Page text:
(This column originally appeared in the Toronto Sun on March 24th, 2017)
Finance Minister Bill Morneau unveiled the Trudeau government’s second budget this week, and in many ways it wasn’t a new budget at all, but just a clarification of many measures from last year.
In some ways, that’s a relief, because last year was a veritable spending spree, with Morneau plunging the country into a $23 billion deficit (a far cry from the Liberals’ promise of three years of ‘modest’ $10 billion deficits) and didn’t even provide a plan on how they would climb out of it—ever. One can be forgiven for bracing for yet another multi-billion increase in the deficit.
But not pouring any fuel on the fire doesn’t change the fact the feds already have a five-alarm fiscal fire on their hands. Even with a lid on spending increases, our federal debt is now projected to leap from $637 billion to $756 billion in just five years. Just the interest payments on that will cost an eye-watering $143 billion over the same timeframe. Talk about mortgaging our kids and grandkids’ future.
More troubling is that the government doesn’t seem to know what it’s doing with its own ‘innovation’ agenda, which is supposed to help boost economic growth (while the Canadian economy isn’t in recession, growth is projected to be weak). Instead the agenda seems to be nothing more than the same old corporate welfare programs that have failed time and again.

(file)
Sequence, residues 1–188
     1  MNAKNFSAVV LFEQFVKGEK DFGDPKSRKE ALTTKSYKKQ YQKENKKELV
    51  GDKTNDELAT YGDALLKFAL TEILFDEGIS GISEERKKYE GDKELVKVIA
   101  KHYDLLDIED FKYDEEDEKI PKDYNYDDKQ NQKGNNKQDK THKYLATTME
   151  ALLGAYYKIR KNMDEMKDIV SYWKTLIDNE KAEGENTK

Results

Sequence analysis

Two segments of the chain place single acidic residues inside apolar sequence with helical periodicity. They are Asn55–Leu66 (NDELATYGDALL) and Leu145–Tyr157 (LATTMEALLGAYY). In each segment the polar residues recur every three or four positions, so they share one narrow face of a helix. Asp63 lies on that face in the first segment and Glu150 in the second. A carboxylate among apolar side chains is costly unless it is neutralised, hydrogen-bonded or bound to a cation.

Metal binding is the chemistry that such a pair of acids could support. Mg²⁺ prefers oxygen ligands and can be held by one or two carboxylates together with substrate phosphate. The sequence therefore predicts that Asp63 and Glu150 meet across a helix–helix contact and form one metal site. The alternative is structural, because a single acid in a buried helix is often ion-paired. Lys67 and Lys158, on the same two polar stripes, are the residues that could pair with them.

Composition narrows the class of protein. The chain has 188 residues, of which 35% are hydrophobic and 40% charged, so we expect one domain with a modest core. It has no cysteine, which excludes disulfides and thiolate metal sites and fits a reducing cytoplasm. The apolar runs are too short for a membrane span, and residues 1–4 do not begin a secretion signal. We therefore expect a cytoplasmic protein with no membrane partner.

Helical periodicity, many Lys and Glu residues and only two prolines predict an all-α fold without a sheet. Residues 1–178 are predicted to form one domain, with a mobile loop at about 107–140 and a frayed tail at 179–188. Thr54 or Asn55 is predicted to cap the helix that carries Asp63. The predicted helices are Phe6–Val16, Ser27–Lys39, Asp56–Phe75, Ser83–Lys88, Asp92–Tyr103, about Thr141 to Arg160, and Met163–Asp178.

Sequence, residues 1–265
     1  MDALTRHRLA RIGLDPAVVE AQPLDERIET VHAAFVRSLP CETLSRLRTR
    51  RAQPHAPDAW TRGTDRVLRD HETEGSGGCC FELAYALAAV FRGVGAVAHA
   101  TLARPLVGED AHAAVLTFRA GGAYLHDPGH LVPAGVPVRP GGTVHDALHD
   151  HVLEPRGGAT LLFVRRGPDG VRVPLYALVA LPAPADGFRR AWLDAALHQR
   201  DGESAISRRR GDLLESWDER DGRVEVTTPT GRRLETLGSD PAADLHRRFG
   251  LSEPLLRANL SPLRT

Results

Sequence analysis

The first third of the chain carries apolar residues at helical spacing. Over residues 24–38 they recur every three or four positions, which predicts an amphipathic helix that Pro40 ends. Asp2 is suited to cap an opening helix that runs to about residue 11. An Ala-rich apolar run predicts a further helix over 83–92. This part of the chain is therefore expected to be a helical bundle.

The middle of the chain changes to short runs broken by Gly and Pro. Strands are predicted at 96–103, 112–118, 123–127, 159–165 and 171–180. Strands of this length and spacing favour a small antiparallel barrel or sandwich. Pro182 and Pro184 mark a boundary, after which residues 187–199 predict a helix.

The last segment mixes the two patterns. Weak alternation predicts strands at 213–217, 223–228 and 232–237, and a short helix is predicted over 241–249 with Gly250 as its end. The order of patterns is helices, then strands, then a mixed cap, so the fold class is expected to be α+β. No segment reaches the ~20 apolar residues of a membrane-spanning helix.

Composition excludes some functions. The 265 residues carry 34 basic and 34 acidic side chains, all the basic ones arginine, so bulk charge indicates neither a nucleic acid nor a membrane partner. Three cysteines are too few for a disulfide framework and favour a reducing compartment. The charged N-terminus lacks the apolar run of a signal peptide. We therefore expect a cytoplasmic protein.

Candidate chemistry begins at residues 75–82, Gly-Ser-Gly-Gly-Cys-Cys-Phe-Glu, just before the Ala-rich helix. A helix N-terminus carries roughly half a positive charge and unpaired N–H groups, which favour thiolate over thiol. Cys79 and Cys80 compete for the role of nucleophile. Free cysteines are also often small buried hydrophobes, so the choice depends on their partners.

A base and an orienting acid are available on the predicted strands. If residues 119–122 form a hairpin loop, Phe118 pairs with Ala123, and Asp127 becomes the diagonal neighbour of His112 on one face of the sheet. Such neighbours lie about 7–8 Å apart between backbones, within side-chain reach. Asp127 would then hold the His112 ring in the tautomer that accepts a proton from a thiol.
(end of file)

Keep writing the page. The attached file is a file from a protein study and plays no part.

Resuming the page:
There are handouts for politically-favoured industries like clean tech. And for powerful special interests like aerospace and automobiles. There will be a new “platform” called—surprise—Innovation Canada which will develop six “Economic Strategy Tables” (which will also be linked with the existing
Department of Innovation). In a final bold stroke of innovation, the government even decided to combine a bunch of different corporate welfare funds into one, and call it the Strategic Innovation Fund!
If you were looking for tax relief in this budget, forget it: aside from a few small boutique measures, it’s mostly the status quo. There are even a few sneaky tax hikes. Excise duties on alcohol are going to rise by 10% over the next five years. And with some expansions to Employment Insurance accessibility for groups such as home caregivers, EI premiums will be going up as well. And then of course there’s the federal carbon tax, which will be imposed on the provinces whether they like it or not.
There are a few bright spots. The government is taking a Canadian Taxpayers Federation recommendation to review expenditures department by department to help kill wasteful programs and root out inefficiencies. There’s also a commitment to expand free trade within Canada—something that could benefit all Canadians.
But overall, this year’s budget is big on words and short on details. It claims to help the middle-class—without explaining who counts as ‘middle class.’ It says it’s focused on innovation—but with new (and recycled) corporate welfare funds designed to throw money at favoured industries and companies, there’s not much innovative about it.
With this budget, Morneau had an opportunity to explain how he would get the books into balance and start to tackle our massive federal debt. He took a pass. As a result, future generations of Canadians will pay a hefty price.
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